Wednesday, 1 April 2015


Image result for insurgent movie poster

"You are living proof that the Divergent problem has grown beyond all control."

I only recently saw Divergent in the wake of this very quickly produced sequel. I have to admit that the ending did not make a lot of sense, from what I can gather the heroes incapacitate the evil dictator (something that all teen films now include) and decide to run rather than simply taking the opportunity to kill her, or at least kidnap her, or leave some kind of threat, or hold her ransom. Anything would have been more logical than simply running away to an uncertain future, an ending that is in no way like the first Hunger Games at all. Then it hit me, it ended this way because they needed a sequel as quickly as possible, so they could cash in on the inevitable grieving Hunger games fans as the franchise closes, so could this sequel at least offer that.
In their divided world of factions the two Divergents Tris and Four (is that really a name, okay then) are on the run and fighting for survival against the ruthless government and leader (Kate Winslet) that is hot on their trail (another reason why it would have made sense to kill her when they had the chance).
To be honest, it would be easy to say that the production speed has resulted in a lazy film, an aspect that is the worst crime imaginable for my cinema tastes. But that would not be true because there is an interesting and inventive way in which the film is made and acted. I have to say it, the two leads are good in their roles, particularly Shailene Woodley who generates remorse and regret for her actions in a similar way to Jenifer Lawrence in Catching Fire. I’m not saying she’s better than Lawrence but there’s definitely an element of imitation that is pretty good in its own right. Octavia Spencer and Naomi Watts are also credible, there’s no phoning it in or half-arsed performances here.
As far as sequels go, in my opinion, it should build on the original in every way for scope and intensity as well as focussing on the depth of its characters to a greater extent and add another crucial element to the story. The series does pack more action into this instalment than the first one as well as demonstrating some frankly excellent direction on them. The sweeping camera shots, use of slow motion and fast, sharp angles all attribute to the intensity.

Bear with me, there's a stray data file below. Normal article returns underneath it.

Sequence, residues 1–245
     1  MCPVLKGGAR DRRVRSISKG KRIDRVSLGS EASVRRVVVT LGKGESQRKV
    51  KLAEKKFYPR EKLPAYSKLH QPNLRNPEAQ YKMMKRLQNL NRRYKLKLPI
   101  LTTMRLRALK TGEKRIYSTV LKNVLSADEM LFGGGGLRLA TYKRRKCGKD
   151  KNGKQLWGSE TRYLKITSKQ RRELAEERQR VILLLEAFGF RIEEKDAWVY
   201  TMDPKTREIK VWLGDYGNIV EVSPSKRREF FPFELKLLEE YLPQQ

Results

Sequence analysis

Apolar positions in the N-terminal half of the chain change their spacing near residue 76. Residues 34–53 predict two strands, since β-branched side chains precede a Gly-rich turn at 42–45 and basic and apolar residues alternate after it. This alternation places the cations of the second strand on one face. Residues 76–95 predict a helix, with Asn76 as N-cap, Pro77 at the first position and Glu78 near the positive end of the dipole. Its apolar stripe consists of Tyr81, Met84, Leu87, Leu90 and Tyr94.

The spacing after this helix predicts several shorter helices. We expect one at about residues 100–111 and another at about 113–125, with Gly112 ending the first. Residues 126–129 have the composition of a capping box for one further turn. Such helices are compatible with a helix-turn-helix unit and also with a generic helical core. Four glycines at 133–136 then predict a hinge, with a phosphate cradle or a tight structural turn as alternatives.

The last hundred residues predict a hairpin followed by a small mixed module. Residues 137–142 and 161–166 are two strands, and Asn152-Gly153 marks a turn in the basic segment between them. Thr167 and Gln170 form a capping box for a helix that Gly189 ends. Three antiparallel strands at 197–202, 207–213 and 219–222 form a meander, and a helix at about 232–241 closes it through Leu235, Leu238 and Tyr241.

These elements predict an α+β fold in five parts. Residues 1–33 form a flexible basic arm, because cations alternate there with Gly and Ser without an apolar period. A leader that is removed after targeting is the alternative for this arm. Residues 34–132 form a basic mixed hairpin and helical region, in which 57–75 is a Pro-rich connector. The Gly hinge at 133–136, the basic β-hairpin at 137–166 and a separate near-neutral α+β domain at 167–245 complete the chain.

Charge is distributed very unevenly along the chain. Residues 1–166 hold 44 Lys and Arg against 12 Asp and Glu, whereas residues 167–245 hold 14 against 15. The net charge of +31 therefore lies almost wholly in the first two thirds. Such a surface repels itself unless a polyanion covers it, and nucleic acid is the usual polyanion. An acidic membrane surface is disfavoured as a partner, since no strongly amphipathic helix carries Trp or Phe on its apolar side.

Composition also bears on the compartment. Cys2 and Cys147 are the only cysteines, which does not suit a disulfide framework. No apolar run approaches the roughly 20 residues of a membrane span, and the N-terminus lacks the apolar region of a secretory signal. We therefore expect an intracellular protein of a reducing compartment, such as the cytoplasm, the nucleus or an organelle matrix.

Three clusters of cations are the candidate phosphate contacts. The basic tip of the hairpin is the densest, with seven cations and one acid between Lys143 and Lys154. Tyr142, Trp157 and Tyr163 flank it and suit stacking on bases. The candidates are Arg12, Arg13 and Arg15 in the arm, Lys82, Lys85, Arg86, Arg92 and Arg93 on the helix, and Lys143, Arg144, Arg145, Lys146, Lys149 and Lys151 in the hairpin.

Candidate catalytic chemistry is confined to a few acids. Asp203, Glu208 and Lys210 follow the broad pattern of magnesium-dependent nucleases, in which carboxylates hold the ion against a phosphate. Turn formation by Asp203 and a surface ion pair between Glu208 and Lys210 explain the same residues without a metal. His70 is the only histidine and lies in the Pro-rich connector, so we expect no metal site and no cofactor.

The character study is also interesting. We have to witness them come to terms with decisions made in the first film and coping with the long term consequences. The depth and complexity, as I said earlier, is all conveyed with precise accuracy by Woodley and they manage to avoid sinking into a constant series of complaints, as Katniss has been accused of. The downside to this of course is that every other character seems to be pushed aside.
The love relationship is what you would call lacklustre though. This relationship involves each party withholding information from one another, constantly reprimanding each other for letting emotions interfere and spend most of their time running rather than actually talking to each other and bonding, yet still somehow falling head over heels for each other by the end.
Kate Winslet is decent, but she just doesn’t feel necessary. I feel as if her presence would be like the Emperor being present for all of Empire Strikes Back rather than just that one conversation. This would be fine if they added some depth to her character, but there’s nothing, just a villain twiddling her thumbs and getting no exposition at all.
The main problem from Insurgent seems to stem from the fact that at the end of the day, when you think about it, it makes no sense at all. The plot seems overly elaborate and reveals itself in a rather uneven manner.
 The story of Insurgent is pulled in so many directions that it is simply ripped apart, held together only by the strand that is Woodley’s performance and some impressive directing.
Result: 4/10

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